Arvind Mahankali wins the Scripps National Spelling Bee

Knaidel. K-N-A-I-D-E-L spells victory. Yesterday, 13-year-old Arvind Mahankali of Bayside Hills, New York correctly spelled "knaidel" -- a word for a small mass of leavened dough -- to win the 86th Scripps National Spelling Bee: Arvind Mahankali, 13, of New York, wins the Scripps National Spelling bee.

After finishing in third place in both 2011 and 2012, this time Arvind was out for some spelling redemption -- a German redemption, of sorts. While he had previously been eliminated on German-derived words, this time he had it aced:

Arvind outlasted 11 other finalists, all but one of whom had been to the National Spelling Bee before, in nearly 2 ½ hours of tense, grueling competition that was televised nationally. In one round, all nine participants spelled their words correctly.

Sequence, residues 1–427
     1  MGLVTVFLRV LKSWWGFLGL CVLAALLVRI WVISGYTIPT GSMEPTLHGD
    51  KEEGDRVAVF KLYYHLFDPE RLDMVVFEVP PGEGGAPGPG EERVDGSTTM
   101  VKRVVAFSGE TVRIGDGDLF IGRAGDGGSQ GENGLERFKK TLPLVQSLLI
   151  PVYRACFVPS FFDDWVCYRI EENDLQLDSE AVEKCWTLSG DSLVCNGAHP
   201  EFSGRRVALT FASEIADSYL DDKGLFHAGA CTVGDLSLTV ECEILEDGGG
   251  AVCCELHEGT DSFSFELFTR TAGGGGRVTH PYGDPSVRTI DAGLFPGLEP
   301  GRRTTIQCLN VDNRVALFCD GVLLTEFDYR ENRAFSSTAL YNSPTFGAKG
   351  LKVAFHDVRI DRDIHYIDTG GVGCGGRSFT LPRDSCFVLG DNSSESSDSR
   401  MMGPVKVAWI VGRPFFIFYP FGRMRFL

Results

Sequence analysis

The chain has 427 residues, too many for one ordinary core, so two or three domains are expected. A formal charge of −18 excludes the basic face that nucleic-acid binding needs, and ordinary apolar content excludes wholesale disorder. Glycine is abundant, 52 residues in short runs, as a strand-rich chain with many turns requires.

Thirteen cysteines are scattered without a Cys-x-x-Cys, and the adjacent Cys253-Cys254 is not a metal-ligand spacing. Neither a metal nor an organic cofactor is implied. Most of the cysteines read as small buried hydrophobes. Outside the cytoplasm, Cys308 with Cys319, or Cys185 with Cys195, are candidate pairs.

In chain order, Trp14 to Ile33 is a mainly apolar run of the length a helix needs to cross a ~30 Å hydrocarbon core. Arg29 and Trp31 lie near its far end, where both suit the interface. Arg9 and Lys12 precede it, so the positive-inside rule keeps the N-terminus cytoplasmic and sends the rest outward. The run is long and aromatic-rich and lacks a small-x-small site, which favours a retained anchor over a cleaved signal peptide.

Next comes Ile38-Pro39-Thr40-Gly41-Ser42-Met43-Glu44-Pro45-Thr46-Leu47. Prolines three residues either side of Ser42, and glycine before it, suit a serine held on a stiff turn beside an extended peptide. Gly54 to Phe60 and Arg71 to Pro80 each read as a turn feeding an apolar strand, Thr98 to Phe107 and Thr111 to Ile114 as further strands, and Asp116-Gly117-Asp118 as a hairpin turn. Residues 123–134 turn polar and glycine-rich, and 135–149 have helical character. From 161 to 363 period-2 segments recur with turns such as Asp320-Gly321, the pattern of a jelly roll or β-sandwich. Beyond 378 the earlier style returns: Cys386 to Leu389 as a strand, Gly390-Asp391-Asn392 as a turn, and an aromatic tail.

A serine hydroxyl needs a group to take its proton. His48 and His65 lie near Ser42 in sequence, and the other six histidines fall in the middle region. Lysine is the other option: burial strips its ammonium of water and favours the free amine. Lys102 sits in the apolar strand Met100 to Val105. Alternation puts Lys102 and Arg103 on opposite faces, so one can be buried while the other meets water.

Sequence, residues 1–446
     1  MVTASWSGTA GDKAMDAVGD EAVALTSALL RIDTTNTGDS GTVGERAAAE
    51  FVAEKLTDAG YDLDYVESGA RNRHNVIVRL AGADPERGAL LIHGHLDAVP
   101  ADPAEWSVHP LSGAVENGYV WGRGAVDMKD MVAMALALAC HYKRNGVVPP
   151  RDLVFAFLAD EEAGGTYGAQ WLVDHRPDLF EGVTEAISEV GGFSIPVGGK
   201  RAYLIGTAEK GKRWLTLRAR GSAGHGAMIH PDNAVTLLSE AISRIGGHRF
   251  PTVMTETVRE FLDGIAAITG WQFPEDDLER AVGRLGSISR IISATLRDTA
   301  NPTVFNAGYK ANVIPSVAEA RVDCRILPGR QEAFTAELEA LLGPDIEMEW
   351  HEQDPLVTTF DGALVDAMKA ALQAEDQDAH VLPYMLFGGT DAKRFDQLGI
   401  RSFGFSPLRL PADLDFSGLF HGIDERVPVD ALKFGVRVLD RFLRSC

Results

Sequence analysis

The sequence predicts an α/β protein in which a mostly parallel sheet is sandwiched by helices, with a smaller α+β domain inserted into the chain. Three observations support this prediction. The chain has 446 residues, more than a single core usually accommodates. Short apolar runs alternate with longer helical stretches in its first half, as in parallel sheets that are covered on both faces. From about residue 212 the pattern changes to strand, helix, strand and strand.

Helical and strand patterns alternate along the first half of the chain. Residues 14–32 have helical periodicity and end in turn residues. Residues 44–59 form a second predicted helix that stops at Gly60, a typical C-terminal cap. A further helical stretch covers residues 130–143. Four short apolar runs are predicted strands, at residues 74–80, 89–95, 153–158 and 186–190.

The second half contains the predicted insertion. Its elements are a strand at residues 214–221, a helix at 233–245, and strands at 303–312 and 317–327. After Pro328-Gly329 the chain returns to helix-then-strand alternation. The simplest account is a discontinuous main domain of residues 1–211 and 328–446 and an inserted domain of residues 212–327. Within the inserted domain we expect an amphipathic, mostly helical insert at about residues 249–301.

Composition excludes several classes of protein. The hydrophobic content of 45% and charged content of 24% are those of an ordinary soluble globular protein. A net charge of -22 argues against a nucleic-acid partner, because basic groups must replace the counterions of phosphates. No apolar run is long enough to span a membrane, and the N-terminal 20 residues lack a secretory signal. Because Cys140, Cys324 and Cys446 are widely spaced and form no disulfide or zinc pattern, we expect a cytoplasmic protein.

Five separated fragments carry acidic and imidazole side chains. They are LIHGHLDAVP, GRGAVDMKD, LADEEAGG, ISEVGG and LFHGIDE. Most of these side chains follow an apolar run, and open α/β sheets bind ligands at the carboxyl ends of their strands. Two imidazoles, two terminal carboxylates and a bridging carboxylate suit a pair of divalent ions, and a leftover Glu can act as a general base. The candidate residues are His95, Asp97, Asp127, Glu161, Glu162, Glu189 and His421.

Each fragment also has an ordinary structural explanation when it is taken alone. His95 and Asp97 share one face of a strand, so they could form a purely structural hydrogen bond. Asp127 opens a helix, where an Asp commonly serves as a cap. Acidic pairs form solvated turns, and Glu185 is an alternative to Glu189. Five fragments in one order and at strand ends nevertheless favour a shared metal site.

When he was announced as the winner, Arvind looked upward at the confetti falling upon him and cracked his knuckles, his signature gesture during his bee appearances. He'll take home $30,000 in cash and prizes along with a huge cup-shaped trophy. The skinny teen, clad in a white polo shirt and wire-rimmed glasses pushed down his nose, was joined on stage at the Washington-area hall by his parents and his beaming younger brother.

An aspiring physicist who admires Albert Einstein, Arvind said he would spend more time studying physics this summer now that he's "retired" from the spelling bee.
It's worth noting that Indian American contestants have had an incredible lock on the spelling bee for over a decade. Arvind becomes the sixth consecutive Indian American winner and the 11th in the past 15 years. That's quite badass. More here: Arvind Mahankali, 13, Wins National Spelling Bee.

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